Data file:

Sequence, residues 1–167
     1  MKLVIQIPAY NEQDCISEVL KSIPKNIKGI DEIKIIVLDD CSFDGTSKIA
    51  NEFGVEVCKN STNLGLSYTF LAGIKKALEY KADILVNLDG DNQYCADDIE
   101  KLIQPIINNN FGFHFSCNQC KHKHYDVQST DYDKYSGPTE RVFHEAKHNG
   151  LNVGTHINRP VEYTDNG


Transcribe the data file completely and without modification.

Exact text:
Sequence, residues 1–167
     1  MKLVIQIPAY NEQDCISEVL KSIPKNIKGI DEIKIIVLDD CSFDGTSKIA
    51  NEFGVEVCKN STNLGLSYTF LAGIKKALEY KADILVNLDG DNQYCADDIE
   101  KLIQPIINNN FGFHFSCNQC KHKHYDVQST DYDKYSGPTE RVFHEAKHNG
   151  LNVGTHINRP VEYTDNG